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Wednesday, October 8, 2008

Ebooks Cost WHAT?!?

by Raelene Gorlinsky

I noticed this snippet in the Oct. 6 Publishers Lunch e-newsletter:

Vodafone UK is launching a program to provide books on cellphones starting today in association with GoSpoken.com [...] Titles are expected to cost between 5 pounds and 15 pounds each. [...] GoSpoken has "signed up every leading publisher in Britain, including Penguin, Random House and HarperCollins
That price roughly translated to about US$9 to US$26. Up to 26 dollars for an ebook?? Wait, I thought one of the benefits of ebooks is that they are often less expensive than mass market paperbacks, definitely cost less than trade paperbacks or hardcovers. Or at least, that's what we e-publishers say. Apparently major print publishers who are now offering their books in digital format don't follow the same philosophy. And neither do Kindle and Sony.

Fiction Print Prices:
From my frequent trips to bookstores, I know that in the U.S., mass market paperbacks now cost up to $7.99; trade paperbacks seem to average around $14 - $15, can go up to $18; hardcovers are getting more costly by the day, $25 to $28 is common.

Prices for Ebooks from E-publishers:
Ellora's Cave/Cerridwen Press/The Lotus Circle (yes, we have three imprints) ebooks are priced from $2.99 to 7.99, depending on length. Large anthologies cost up to $9.99.

A scan of six other e-publisher websites showed prices from $1.50 to $8.99. Most seemed to be basing price on book length. (Those $1.50 or $1.99 titles were very short stories, possibly as short as ten pages.)

Price of Ebooks from a Major Print Publisher:
Harlequin has all types and lengths and genres of books, so I spent considerable time browsing their site to check out the prices for their ebooks. Their ebook-only (no print version for sale) short stories cost $2.99, which is comparable to e-publishers. A lot of the Harlequin/Silhouette category lines were $4.25 - again, these short novels seem priced comparably to books of that length from e-publishers. But then look at their single titles: random selection of about 40 ebooks showed prices from $6.30 to $22.45!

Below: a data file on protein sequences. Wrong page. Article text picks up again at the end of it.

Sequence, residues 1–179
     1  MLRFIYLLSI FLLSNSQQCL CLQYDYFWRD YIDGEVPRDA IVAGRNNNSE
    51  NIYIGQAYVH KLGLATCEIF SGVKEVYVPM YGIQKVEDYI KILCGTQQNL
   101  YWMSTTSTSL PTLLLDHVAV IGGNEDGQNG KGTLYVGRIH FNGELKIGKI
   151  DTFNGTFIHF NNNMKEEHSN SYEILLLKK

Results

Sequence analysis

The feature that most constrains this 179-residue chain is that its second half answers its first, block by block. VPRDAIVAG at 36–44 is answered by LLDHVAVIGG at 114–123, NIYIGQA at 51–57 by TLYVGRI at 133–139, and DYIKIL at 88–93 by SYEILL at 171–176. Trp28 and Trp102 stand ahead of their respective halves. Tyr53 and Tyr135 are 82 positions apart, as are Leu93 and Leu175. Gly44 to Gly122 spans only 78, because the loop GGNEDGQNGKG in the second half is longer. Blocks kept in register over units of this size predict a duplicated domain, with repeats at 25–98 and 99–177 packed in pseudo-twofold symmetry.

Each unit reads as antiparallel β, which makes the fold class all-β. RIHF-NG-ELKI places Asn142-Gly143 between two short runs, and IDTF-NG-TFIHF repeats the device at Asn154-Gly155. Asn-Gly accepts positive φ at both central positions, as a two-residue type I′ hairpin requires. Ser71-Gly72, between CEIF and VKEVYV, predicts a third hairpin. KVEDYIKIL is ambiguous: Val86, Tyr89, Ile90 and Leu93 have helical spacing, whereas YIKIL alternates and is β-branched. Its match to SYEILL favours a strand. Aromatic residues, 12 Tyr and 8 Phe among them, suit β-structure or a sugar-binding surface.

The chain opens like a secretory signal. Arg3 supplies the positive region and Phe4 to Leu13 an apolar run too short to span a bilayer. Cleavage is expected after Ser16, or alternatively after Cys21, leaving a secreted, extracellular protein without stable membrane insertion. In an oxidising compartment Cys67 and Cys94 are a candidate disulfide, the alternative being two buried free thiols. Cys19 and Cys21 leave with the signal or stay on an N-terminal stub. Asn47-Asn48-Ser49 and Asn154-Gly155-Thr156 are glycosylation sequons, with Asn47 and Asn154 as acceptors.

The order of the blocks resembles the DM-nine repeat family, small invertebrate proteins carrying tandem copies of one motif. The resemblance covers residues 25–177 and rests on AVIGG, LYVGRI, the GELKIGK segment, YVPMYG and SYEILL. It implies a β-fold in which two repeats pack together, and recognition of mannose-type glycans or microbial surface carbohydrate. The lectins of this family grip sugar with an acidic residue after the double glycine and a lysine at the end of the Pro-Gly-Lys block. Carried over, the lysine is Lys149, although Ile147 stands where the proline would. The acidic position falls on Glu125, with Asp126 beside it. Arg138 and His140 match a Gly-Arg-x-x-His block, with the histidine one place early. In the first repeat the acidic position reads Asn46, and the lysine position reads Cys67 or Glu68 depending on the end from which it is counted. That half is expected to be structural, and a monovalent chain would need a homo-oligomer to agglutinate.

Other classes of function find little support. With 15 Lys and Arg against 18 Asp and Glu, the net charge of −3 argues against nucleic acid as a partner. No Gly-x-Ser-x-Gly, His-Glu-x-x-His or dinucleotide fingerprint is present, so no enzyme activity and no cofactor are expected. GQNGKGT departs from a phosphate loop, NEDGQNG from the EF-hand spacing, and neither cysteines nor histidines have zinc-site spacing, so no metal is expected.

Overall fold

Prices for Ebooks from Ereader Vendors:
I can't for the life of me figure out how Amazon Kindle and Sony price their ebooks. They have a gazillion prices, sometimes differing by only a few cents. And the prices were clearly not based on book length.

The most common price for a Kindle ebook on Amazon was $9.99, but the 50 random books I selected had 20 different prices, ranging from $4.00 to $17.81. In between are prices like $6.04, $6.39, $8.24, $8.37, $9.59, $9.60. I'm sure Amazon has some formula or philosophy for the prices, but I couldn't spot any rhyme or reason.

Sony Reader ebook prices ranged from $5.19 through $17.46, again a random selection of books.

Okay, I'm going to stop wishing I could afford a Kindle or a Sony Reader. Even if I had the device, I am not willing to pay those prices for ebooks. I will continue to buy ebooks from e-publishers, who are offering reasonable prices on ebooks that can be read on a wide variety of devices.

6 comments:

ECPI Editors said...

A little side effect of my research for this post: in my email today was a message from Amazon. "As a reader who has shown a recent interest in the Kindle...", and it went on to advertise lots of Kindle books.

Raelene

spyscribbler said...

Oh, Raelene, I just got a Kindle! It's AWESOME! And you can still buy books from real e-publishers on it. I just uploaded a couple Ellora's Cave titles.

I'm getting rid of all my paper books, save ten or so.

I did stop buying all books for a whole year in order to save up for the Kindle. It was torture, but it was worth it!

J L said...

I got a Kindle as a gift last year and I still have an Ebookwise reader.

I wish EC/CP books formatted better on the Kindle (i.e., I wish they were in Kindle format). They come across sort of gobbley on the device. And it's a pain to transfer them there. I love just going to my Kindle, searching the store, and downloading a book -- talk about inpulse shopping.

In fact, I just bought the Last Lecture based on your other post. I bought it on my computer. When I get home tonight, I'll turn on my Kindle and it will download. Now THAT'S a great shopping experience!

Lynne Connolly said...

I was thinking of getting a Cybook, because it's very friendly to most formats, although I'm told pdf is a bit tricky.
But it comes loaded with several readers, including Mobi and Ereader, so it looks like a goer.
Anybody tried one?

anny cook said...

Have a Sony and mostly use it to read EC books. If you watch the prices on the Sony site, they drop about six months after the first release date.

Also, according to my tax guy, my Sony was tax deductible because I use it as a marketing device to let prospective readers read "samples" from my books. Sort of a demo for both the digital reader and my books.

GetSheila said...

Anny: Not to rain on your parade, but did your tax guy also tell you to keep a log of the time you spend using your Sony for marketing vs personal reading so you can properly identify the percentage you can write off as business expense? If not, you might want to rethink what else your tax guy has told you it is okay to "write off" for tax purposes.

I am not the IRS. I just work for people who get taxed by them every day. :)